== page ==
What Does a “K” Mean in Baseball Stats?

Baseball game box scores are loaded with information where game outcomes and players’ performance is recorded. A great deal of information is contained in a box score and is abbreviated, from how many strikeouts a pitcher threw to the size of the crowd in the stadium. Box scores contain statistics which hold critical information used by both fans and team owners to evaluate their players in different situations.

So what does the “K” mean in a baseball box score?  The “K” stands for strikeout.  When a batter strikes out at the plate, the official scorer records the event by placing a “K” next to the player’s name.

 In the game of baseball the official scorer is appointed by the league to record the events on the field, and these events are then summarized in box scores that can be found in the Sports section of a newspaper or on a sports website. The statistics in each and every box score is recorded and sent to the league main office as a permanent record.

But Why the Letter “K”?

So why exactly is a strikeout referred to by the letter “K”? Back in 1868 as is the case today, there were two types of pitches, referred to as “balls” and“strikes”. Each batter is given three chances to hit a ball pitched inside his strike zone. The pitcher is given four chances to pitch in that batter’s strike zone (the area below that batter’s chest and above his knees).  During a hitter’s at bat, if a pitcher throws four balls outside the batter’s strike zone, the batter is given a base on balls (BB) and goes to first base, as if he had hit a single.  However, if the batter either swings and misses a pitched ball or is “caught looking” at a ball that was in his strike zone, the batter is struck out. Chadwick took the letter K in strike and used it to refer to a batter striking out. 

Chadwick also developed the system to indicate fielders, and to this day are still referred to by number. Pitchers are “1”, Catchers, “2”, and the rest of the players up to nine.  The numbers go up from right to left on the baseball diamond, so the second baseman is “4” and the third baseman is “5”, while the shortstop between second and third base is denoted as “6.” The outfield players are also assigned numbers from right to left, so the right fielder is “7” and the left fielder is “9”. Such numbers are important when keeping game statistics. For example, if a batter hits a ball to the second baseman, then lobs it to the shortstop who taps the bag, then throws the ball to the first baseman before the batter reaches the base, the batter has hit into a double play. The record of this event is recorded as “DP:4-6-3”, in the box score, the numbers corresponding to the fielders in the play. 

What is a Box Score?

A box score contains an incredible amount of information that is so detailed, it is almost like seeing the game live. Statistics included in every box score includes runs scored in every inning by each team, batting averages for each player, and how many innings a pitcher lasted and who was his replacement, among many, many others.  All of these statistics, like the “K” for strikeout, are abbreviated, and knowing what box score notations represent can deepen knowledge of the game and further its appreciation.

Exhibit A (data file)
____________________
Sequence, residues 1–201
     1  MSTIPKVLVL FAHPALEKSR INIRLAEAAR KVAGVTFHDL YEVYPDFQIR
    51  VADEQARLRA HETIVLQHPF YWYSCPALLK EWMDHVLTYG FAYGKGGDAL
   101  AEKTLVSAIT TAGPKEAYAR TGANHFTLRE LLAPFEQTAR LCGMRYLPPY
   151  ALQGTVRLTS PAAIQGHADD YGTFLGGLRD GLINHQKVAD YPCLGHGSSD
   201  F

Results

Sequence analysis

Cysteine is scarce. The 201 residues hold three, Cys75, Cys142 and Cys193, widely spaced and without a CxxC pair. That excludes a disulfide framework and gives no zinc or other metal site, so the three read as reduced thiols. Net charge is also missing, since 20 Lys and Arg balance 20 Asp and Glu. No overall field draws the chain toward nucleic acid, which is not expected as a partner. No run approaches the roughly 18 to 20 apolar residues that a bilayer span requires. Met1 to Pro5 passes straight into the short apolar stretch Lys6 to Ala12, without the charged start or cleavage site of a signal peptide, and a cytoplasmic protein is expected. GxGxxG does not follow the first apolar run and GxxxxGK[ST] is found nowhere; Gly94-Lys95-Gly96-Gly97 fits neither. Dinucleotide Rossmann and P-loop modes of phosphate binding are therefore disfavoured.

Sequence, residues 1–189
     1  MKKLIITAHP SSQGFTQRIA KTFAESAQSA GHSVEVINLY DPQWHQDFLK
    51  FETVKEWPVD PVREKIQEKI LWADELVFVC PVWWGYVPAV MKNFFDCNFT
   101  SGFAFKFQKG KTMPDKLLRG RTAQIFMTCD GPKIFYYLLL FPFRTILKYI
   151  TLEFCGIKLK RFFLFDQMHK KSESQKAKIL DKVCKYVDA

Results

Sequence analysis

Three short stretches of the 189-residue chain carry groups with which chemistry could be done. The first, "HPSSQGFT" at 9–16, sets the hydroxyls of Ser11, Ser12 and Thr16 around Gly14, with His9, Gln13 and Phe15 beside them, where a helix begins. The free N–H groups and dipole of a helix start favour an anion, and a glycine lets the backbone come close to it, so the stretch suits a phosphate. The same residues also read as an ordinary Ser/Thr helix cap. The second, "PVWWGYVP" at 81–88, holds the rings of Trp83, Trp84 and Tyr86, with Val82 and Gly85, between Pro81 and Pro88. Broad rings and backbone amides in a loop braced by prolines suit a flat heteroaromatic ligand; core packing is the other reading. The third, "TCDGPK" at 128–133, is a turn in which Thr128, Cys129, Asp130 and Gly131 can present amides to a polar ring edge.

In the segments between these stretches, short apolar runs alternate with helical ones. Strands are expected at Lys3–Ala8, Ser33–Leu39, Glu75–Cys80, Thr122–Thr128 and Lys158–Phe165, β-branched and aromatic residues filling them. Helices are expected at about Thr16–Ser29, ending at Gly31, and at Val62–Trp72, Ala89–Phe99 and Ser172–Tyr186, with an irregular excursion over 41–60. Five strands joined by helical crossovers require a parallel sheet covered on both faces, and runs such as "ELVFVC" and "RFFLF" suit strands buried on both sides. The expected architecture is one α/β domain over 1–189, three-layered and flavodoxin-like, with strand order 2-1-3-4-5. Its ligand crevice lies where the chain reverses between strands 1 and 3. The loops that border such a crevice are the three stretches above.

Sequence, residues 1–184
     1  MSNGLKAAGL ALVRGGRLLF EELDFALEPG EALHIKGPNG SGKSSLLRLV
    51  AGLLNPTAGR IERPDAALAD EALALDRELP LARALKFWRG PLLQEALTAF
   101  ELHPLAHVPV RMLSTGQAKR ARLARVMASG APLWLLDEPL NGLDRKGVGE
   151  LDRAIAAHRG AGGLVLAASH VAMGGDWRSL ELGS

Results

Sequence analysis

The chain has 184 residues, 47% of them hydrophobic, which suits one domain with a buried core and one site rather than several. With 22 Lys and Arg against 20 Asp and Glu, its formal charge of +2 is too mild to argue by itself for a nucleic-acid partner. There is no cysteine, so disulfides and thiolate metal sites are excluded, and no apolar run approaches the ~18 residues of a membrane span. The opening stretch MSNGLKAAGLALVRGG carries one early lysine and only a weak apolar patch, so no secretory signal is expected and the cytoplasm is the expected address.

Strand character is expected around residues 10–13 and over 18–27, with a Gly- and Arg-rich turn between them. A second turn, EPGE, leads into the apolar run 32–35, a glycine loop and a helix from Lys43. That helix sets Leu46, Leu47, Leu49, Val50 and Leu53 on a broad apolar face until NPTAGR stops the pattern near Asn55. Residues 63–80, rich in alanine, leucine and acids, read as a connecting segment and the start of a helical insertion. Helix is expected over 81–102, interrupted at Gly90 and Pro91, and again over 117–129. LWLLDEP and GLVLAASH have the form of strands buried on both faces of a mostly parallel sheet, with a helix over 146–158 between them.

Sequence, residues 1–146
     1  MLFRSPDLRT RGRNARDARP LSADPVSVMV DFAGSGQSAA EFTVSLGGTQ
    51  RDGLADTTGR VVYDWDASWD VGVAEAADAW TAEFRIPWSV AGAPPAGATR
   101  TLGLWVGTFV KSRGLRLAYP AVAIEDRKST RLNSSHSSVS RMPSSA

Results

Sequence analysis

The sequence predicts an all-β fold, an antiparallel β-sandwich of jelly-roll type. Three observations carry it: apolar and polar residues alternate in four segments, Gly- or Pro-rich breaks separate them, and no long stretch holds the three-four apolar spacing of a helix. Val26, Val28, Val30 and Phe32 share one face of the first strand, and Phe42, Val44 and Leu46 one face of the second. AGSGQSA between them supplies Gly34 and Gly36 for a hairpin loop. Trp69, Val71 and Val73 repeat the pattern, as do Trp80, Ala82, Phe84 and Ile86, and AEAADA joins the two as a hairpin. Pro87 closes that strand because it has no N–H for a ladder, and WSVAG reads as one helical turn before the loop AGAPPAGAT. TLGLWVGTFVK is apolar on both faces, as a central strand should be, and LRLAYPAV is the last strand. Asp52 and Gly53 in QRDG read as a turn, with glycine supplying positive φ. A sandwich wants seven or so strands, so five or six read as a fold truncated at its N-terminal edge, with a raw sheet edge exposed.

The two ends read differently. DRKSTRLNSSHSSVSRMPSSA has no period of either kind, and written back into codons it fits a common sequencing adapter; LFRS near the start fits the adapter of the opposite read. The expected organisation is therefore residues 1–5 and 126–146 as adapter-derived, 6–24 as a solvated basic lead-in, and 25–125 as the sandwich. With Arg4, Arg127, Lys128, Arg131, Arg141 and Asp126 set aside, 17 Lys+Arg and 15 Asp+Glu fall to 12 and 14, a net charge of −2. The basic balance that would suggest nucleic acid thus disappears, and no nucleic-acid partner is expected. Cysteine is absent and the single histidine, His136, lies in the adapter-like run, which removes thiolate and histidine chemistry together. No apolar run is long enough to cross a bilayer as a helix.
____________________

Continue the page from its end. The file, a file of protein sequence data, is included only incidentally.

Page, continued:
Here are some examples of abbreviations used in baseball box scores:

  • HR: Home Run
  • DP: DoublePlay
  • HBP: Hit ByPitch
  • AB: How many times each batter was at the plate
  • RBI: Runs Batted In: Runs a player scored for the team by either hitting a sacrifice fly to the outfield or making a base hit
  • BB: Base on Balls (Walk)
  • S: SacrificeFly (batter credited with an RBI)

History of Major League Baseball

MajorLeague Baseball was founded 250 years ago in 1869, in Cincinnati, Ohio following the Civil War, when the first openly all-professional team was established. During its early years it was disorganized and there were fierce rivalries between leagues. Players routinely jumped from one team to another.  Today the game is a multi-billion dollar industry and statistics play a more important role than ever in such things as negotiating a player’s contract. Statistics can pinpoint with almost microscopic accuracy how well a player performs in different playing situations. Because of statistics, a well-informed talent scout knows everything from how well (or poorly) a prospective player performs on a windy day and contrasted with calm weather, areas of weakness in his strike zone, and how many times he’s sustained injuries. These statistics and dozens of other facts (in addition to number of home runs and runs batted in), show up on a player’s resume, and help determine if he could be a good addition to the team roster.